When a unit is sold while occupied by a California renter, the renter retains certain tenant rights that must be respected. Simply selling the property does not usually justify an immediate eviction of a tenant. Here is an overview of a tenant’s rights upon the actual or contemplated sale of the property.
As a threshold matter, any applicable provisions of the lease agreement must be followed. If the property is sold with nine months remaining on a one-year lease, the tenant has the right to occupy the unit for the remaining nine months. He or she is still responsible for paying rent and carrying out the terms of the original lease, although rents will generally be paid to the new owner. The other terms and conditions of the lease also remain in effect until the lease expires. After the lease expires, the tenant can be required to move so that the new owner can occupy the unit or otherwise determine how to use the property.
For month to month leases, the renter will have fewer rights than with a longer lease. The new owner can decide to terminate the lease. However, proper notice must be given, usually 30 days in most jurisdictions. California, however, is more generous when it comes to giving month-to-month renters time to figure out their future living arrangements. In California, month-to-month tenants who have resided at the property for least a year are entitled to a 60-day notice pursuant to California Civil Code 1946.1.
Reasonable Notice for Pre-Sale Showings of the Property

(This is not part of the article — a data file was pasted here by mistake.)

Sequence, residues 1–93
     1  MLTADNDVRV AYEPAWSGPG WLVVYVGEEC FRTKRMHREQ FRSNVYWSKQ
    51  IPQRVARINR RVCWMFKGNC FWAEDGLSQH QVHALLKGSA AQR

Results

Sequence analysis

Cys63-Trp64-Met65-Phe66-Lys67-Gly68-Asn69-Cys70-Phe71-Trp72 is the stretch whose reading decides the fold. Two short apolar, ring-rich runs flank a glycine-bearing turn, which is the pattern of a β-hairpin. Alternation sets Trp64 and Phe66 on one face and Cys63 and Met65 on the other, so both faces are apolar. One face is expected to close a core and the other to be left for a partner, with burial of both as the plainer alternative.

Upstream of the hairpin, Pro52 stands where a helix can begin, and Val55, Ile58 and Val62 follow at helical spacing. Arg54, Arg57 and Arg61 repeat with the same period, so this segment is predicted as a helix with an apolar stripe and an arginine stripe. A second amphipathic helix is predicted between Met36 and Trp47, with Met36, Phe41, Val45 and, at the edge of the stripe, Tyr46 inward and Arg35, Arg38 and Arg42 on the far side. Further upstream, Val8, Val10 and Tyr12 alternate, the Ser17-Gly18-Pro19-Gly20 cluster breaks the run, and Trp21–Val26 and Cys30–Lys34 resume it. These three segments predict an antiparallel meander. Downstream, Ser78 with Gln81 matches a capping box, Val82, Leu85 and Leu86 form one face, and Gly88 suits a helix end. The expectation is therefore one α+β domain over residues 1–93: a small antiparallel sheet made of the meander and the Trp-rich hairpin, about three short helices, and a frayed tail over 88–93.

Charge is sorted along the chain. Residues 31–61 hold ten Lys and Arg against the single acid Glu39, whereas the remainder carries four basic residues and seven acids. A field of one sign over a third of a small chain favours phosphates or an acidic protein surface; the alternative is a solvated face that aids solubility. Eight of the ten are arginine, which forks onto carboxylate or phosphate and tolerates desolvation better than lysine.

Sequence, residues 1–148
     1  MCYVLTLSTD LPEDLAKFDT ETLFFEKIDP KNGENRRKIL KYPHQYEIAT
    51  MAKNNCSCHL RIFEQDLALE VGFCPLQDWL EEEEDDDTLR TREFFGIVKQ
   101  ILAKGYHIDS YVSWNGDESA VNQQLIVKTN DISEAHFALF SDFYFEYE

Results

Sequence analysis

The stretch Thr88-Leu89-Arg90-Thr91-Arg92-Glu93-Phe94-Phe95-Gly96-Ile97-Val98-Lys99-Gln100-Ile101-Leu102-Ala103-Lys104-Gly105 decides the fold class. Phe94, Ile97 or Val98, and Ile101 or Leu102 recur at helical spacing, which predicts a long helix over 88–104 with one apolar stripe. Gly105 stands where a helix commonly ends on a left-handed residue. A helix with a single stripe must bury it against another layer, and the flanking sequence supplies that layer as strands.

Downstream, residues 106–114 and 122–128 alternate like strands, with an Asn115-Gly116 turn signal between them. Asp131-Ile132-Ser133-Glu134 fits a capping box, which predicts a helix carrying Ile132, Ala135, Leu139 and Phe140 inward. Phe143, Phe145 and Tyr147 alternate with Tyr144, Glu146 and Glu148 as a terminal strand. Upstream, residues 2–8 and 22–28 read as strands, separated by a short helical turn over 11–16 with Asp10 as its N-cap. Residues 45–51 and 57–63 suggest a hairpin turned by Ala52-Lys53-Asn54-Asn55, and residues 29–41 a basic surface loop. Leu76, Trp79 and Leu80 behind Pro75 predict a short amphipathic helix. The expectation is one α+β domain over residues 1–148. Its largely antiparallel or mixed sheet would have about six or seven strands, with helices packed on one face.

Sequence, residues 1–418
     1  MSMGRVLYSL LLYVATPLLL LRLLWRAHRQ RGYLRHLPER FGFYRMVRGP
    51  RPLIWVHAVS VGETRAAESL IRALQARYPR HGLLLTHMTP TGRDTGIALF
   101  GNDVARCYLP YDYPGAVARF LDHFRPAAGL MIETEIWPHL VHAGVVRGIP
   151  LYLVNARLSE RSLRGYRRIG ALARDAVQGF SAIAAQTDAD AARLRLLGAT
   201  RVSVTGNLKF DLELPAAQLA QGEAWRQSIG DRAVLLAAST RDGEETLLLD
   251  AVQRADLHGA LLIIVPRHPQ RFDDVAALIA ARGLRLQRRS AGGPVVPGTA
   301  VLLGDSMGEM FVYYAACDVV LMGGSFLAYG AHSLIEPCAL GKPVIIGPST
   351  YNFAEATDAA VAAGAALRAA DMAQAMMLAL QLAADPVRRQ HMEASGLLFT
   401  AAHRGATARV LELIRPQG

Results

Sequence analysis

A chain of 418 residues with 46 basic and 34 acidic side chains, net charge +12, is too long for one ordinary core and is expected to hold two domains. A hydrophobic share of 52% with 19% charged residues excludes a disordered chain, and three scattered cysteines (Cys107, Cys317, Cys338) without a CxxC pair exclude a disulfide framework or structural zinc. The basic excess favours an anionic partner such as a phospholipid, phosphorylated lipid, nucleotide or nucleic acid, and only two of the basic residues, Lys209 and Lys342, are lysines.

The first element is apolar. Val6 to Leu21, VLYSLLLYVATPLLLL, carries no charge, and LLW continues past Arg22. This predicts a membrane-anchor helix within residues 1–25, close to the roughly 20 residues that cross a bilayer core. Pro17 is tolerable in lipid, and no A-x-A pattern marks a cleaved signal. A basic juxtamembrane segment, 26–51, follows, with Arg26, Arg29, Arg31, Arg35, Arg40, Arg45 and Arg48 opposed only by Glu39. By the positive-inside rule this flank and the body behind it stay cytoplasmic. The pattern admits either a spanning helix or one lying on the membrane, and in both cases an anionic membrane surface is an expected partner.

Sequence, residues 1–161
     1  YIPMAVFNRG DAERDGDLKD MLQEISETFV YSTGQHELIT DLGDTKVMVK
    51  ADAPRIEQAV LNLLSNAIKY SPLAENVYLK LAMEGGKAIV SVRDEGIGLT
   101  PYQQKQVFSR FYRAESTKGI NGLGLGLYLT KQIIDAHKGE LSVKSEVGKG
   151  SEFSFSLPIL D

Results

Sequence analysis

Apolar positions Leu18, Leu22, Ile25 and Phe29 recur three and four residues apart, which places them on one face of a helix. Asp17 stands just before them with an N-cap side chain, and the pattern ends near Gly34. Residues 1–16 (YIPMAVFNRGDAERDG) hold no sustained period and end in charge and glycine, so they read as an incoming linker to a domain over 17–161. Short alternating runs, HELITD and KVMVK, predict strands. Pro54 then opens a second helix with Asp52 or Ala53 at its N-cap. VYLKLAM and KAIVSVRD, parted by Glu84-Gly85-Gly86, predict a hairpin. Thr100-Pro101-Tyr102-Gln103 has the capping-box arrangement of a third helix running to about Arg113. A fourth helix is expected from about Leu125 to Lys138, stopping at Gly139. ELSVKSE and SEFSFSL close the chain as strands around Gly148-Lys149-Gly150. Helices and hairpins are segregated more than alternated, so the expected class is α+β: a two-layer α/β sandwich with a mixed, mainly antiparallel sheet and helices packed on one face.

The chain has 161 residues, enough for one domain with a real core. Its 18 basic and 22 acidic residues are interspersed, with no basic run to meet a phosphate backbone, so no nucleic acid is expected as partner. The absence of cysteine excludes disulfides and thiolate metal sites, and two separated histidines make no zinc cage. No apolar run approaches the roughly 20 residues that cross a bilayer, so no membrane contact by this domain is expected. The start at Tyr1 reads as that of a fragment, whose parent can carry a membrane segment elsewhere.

Additionally, renters are entitled to “reasonable notice” before an agent shows the property. California law presumes that 24 hours is reasonable notice. Therefore, if the owner or a realtor wants to show the property, the owner must give the tenant at least 24 hours’ notice of the intent to show. The notice must be reasonably calculated by the owner to reach the renter. However, the notice does not have to be written so long as the owner has provided the renter with notice sometime in the last four months that he or she intends to sell the property.
Additionally, the renter can insist that viewings occur at reasonable times. For example, a midnight showing would likely not be considered reasonable. Determining whether a proposed showing time is reasonable depends on the particular circumstances involved in the case.
Occupying a Property that Is Foreclosed
Under federal law, the tenant is entitled to 90 days’ written notice to vacate a foreclosed property. Additionally, the buyer of a foreclosed home must honor the lease until it expires unless the buyer will be moving into the residence and using it as his or her home. If this is the situation, the tenant is entitled to 90 days’ written notice to vacate. If the occupant is the former owner, a 3-day Notice to Vacate is required.
Although the tenant has certain rights, he or she may choose to voluntarily waive these rights by independent agreement. Renters who are inconvenienced by continuous showings may prefer to walk away from the property rather than have to keep it immaculate at all times. A landlord may agree to provide the renter with a reduced rental amount to compensate him or her for cooperating during this process. In some transactions, tenants may occupy units such as apartments, condos or other multi-level buildings that the new owner wants to demolish or renovate. In these situations, the new owner may have an incentive to buy out the lease and offer the tenant funds to vacate early. A tenant and landlord may enter into such agreements if they both choose to do so.
Lynx Legal’s representatives have substantial experience dealing with California eviction matters and the issues arising from the landlord-tenant relationship. Please contact us with any questions on the above issues, at 888-441-2355 or email@example.com. Our experienced professionals are standing by to answer any questions you may have or if you’re ready to start a case.